IT IS hard to think of a more heartbreaking scenario for a bereaved young mother or father.
Already having to come to terms with death of a baby – a harrowing experience of intense loss – they then have to face the realisation that the disposal of their baby’s body has been mishandled. Instead of a baby’s ashes being returned to the parents, they have instead been scattered by a stranger, with little or no ceremony.
To have a full appreciation of what the baby ashes scandal means on a human level, one must try to imagine – even just a little – the mindset of the bereaved parents. Some keep every scrap of evidence of their baby’s short life – every item of clothing, every toy, every blanket – as treasured keepsakes. For them, these items are physical testimony to the existence – albeit brief – of their child. For those parents to realise that they have been deprived of the opportunity to have their child’s actual remains, to dispose of in a way they saw fit, is heartbreaking. These mothers and fathers have been denied a chance fully to give expression to their grief, and that is tragic.
The Mortonhall Crematorium revelations that sparked this scandal were the result of a landmark piece of investigative journalism by our sister paper, the
Edinburgh Evening News. Through dogged detective work and a deep respect for the suffering of the parents involved, it uncovered a catalogue of administrative foul-ups and flawed practices that failed to afford proper and due respect to either the babies or their parents.
Now it is clear there are equally searching questions to be asked of other crematoria around Scotland. It is, therefore, welcome news that the Scottish Government is setting up a commission to amend the law to tighten the regulations governing this fraught and difficult area. This should help ensure bereaved parents in the future do not have to go through the same ordeal.
But does the official response go far enough? Yesterday, there was criticism from the Labour opposition at Holyrood that although the commission will look to the future, across the whole of Scotland, not enough is being done to examine the past.
The inquiry into the Mortonhall scandal led by the former lord advocate Eilish Angiolini is – while welcome – limited in its scope, both geographically and in terms of who it can compel to give evidence.
While it will, hopefully, ensure that parents in Edinburgh get answers about what happened to the ashes of their children, parents in other parts of Scotland can be forgiven for wondering what attention is being paid to their experience, and whether they will ever know the truth.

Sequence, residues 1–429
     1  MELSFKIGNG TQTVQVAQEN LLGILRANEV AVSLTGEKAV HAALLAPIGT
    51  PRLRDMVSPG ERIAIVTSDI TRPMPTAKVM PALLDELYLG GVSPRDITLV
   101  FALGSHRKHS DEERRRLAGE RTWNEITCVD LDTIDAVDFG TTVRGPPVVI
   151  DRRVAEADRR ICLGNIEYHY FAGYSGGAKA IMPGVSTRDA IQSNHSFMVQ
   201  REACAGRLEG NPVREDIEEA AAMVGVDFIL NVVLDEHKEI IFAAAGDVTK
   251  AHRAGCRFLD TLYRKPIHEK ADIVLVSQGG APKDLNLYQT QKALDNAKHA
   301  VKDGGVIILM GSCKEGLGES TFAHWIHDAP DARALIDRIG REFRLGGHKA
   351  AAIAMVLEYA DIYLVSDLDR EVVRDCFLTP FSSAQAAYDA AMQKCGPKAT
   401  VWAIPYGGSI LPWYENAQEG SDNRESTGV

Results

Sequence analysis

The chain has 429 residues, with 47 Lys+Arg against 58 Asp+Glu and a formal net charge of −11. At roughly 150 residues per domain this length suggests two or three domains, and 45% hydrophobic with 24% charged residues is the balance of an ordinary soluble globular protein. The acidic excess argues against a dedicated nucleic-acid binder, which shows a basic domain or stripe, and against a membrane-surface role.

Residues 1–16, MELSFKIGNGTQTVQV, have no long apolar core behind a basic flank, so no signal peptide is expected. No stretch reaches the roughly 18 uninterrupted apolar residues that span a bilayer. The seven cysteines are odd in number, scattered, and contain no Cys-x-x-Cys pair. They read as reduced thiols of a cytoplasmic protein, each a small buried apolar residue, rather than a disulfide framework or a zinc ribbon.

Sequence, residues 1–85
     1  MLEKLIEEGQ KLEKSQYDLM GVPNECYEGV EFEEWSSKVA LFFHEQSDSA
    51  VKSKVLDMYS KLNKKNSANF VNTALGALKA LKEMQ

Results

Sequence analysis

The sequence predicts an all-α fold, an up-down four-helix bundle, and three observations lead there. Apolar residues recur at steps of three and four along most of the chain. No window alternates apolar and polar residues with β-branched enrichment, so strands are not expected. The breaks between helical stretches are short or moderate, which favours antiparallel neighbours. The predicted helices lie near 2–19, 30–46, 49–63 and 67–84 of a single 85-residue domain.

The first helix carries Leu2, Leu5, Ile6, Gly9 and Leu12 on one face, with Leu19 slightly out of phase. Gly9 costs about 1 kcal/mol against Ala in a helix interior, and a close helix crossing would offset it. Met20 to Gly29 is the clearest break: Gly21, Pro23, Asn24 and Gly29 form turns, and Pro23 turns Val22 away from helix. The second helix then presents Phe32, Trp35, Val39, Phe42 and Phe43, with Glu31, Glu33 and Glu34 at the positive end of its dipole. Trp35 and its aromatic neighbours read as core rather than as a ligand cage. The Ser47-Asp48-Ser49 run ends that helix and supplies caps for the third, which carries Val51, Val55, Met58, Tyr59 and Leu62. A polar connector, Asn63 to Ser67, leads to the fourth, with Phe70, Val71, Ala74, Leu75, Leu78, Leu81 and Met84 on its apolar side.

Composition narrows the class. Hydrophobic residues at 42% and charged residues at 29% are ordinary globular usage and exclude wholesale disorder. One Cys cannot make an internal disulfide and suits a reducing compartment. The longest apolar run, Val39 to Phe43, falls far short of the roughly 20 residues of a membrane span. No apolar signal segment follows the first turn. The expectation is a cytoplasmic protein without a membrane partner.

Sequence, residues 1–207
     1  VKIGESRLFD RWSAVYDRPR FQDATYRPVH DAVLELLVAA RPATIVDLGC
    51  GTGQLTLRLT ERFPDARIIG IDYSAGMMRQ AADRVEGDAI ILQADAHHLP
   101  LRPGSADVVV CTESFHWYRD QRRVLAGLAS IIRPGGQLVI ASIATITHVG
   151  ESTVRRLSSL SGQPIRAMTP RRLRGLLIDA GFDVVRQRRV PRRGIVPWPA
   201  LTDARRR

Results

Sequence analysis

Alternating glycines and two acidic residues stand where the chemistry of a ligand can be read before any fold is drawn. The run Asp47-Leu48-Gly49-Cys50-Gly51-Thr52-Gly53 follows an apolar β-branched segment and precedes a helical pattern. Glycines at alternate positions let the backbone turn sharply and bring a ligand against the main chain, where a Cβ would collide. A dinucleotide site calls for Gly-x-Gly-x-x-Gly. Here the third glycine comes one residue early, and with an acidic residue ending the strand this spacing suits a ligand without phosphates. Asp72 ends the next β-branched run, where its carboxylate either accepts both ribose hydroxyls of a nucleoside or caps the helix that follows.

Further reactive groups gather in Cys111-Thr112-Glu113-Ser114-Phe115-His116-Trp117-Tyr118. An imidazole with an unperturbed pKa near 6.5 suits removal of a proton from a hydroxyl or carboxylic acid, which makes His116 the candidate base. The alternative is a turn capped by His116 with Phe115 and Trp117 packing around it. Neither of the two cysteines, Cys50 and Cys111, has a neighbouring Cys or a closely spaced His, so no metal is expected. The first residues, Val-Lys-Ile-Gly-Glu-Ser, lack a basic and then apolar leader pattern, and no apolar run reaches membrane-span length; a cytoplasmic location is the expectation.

The SNP government, quite rightly, says it wants there to be “clear and consistent” advice on cremation across the whole country. Surely there is, therefore, also a case for a clear and consistent national approach to errors committed in the past.
All our hopes pinned on panda passion
AS THE Edinburgh Zoo pandas enter their second mating session on Scottish soil, it sometimes seems as if we know far more about their procreation habits than is decent. The most causal observer of goings-on on Corstorphine Hill could probably give Sir David Attenborough a run for his money on the details of Tian Tian’s fertility, or Yang Guang’s exercise regime as he limbers up for his annual date.
We are kept fully informed on Yang Guang’s bamboo feeding frenzy, building up his strength for the sexual act, and on Tian Tian’s mood as she awaits the opening of the door between their enclosures. The latest news from the zoo is that the cameras in the pandas’ enclosures have been switched off to afford the cuddly couple a little privacy. We must be thankful for small mercies.
Never, since Bruce Willis and Cybill Shepherd played their will-they, won’t-they game in the TV series Moonlighting in the late 1980s, has there been so much speculation about whether a famous couple will have sex. Will this be the year they finally get it on? Will their union herald the patter of tiny furry paws? Is the world to witness a genuinely Scottish baby panda, with a passport to prove it, and – obviously – a good old-fashioned Scottish name?
And how big will the disappointment be if, yet again, this year their amorous encounter comes to nothing? It is of course an irresistible urge to anthropomorphise this lovable pair.
But that works both ways. Yes, we can suggest the keepers play some Barry White to get Yang Guang in the mood, but let’s hope that next week Tian Tian isn’t endlessly replaying her Adele CDs.